What makes a company great? Truly great? I don't mean the kind of company whose first priority is making its quarterly numbers, whose raison d'être is to return value to its shareholders. I mean a company that acts like a great leader, a company that inspires—not just its customers and employees—but its prospects as well.
Think of Nike of the “Just Do It” days, or Ben and Jerry's, or The Body Shop or Harley-Davidson. Each of them was at one time or still is a company that believes it knows what's best for the customer.
And they're right—they know something about the customer that the customer scarcely knows himself. And that's why great companies inspire.
Great companies are rare and so are great brands. In fact, they are as hard to find as great politicians.
At the heart of every company is a set of values that serves as an operating manual for the organization. In great companies these values are oriented toward a greater good than the welfare of the company and its shareholders.
Great companies don't exist for their own good; they exist to serve a cause beyond them. This gives them a spiritual significance and a mantle of leadership.
Great companies exist to improve the lives of their customers and prospects, to make the world a better place. The values at the core of a great company—the constellation of which we can call a brand—legitimate the emotional responses customers and prospects experience when they come into contact with the brand. That is, because the brand is an expression of altruistic values the emotional responses are authentic.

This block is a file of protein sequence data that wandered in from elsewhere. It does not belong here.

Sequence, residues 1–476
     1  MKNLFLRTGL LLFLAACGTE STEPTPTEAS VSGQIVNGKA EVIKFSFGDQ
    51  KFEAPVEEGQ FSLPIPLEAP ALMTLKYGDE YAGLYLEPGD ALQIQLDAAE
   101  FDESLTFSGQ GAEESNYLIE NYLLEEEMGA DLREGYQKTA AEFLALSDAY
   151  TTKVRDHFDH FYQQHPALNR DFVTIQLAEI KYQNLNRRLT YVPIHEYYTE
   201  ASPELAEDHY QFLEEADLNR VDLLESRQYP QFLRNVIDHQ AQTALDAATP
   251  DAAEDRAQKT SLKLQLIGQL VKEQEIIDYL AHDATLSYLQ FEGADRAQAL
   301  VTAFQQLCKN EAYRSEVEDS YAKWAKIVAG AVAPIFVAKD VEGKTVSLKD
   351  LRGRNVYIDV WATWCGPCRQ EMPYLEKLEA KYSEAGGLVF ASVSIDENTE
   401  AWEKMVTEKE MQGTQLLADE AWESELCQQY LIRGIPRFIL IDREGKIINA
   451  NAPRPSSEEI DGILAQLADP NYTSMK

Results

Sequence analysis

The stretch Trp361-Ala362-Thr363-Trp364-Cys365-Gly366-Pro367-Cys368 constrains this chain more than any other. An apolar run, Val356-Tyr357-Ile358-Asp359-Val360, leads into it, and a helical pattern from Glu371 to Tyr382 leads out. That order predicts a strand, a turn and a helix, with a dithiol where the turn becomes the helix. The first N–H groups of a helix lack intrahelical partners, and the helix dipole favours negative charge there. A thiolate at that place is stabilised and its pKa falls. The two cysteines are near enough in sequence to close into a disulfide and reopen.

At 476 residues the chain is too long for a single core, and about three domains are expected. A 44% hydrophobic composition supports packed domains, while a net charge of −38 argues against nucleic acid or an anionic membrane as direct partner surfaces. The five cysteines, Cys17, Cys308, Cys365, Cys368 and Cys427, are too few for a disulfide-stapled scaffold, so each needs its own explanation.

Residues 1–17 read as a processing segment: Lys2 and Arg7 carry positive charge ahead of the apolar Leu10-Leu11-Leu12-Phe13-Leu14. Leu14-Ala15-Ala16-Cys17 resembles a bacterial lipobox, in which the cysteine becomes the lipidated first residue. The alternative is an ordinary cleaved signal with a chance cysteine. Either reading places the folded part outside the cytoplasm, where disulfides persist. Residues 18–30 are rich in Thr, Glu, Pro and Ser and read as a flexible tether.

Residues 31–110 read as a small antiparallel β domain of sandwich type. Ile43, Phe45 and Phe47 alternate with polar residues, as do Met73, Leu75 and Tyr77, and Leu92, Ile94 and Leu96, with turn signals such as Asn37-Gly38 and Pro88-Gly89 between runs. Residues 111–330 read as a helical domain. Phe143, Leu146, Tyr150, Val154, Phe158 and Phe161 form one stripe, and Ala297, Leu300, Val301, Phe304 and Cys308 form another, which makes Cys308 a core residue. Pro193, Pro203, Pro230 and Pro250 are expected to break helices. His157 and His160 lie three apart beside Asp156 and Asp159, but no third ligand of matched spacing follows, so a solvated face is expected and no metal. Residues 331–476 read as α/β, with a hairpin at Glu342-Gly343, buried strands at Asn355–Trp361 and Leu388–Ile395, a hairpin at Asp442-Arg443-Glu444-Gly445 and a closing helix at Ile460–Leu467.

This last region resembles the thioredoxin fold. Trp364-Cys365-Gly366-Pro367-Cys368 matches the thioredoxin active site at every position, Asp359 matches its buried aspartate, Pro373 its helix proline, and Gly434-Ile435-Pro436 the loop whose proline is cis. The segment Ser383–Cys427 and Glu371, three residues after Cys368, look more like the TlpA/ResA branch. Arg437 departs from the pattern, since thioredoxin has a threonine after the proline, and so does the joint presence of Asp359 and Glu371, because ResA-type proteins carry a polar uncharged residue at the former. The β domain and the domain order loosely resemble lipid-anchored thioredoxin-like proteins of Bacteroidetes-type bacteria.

One thing should be clear: Not all companies (or products) are brands. Let's reserve that accolade for companies with the deep understanding that people are predominately emotional creatures. And great companies—brands—are built for the reality that our emotional lives are complicated, many-layered and the driving wheel of all behavior.
Take the first step (it's free).
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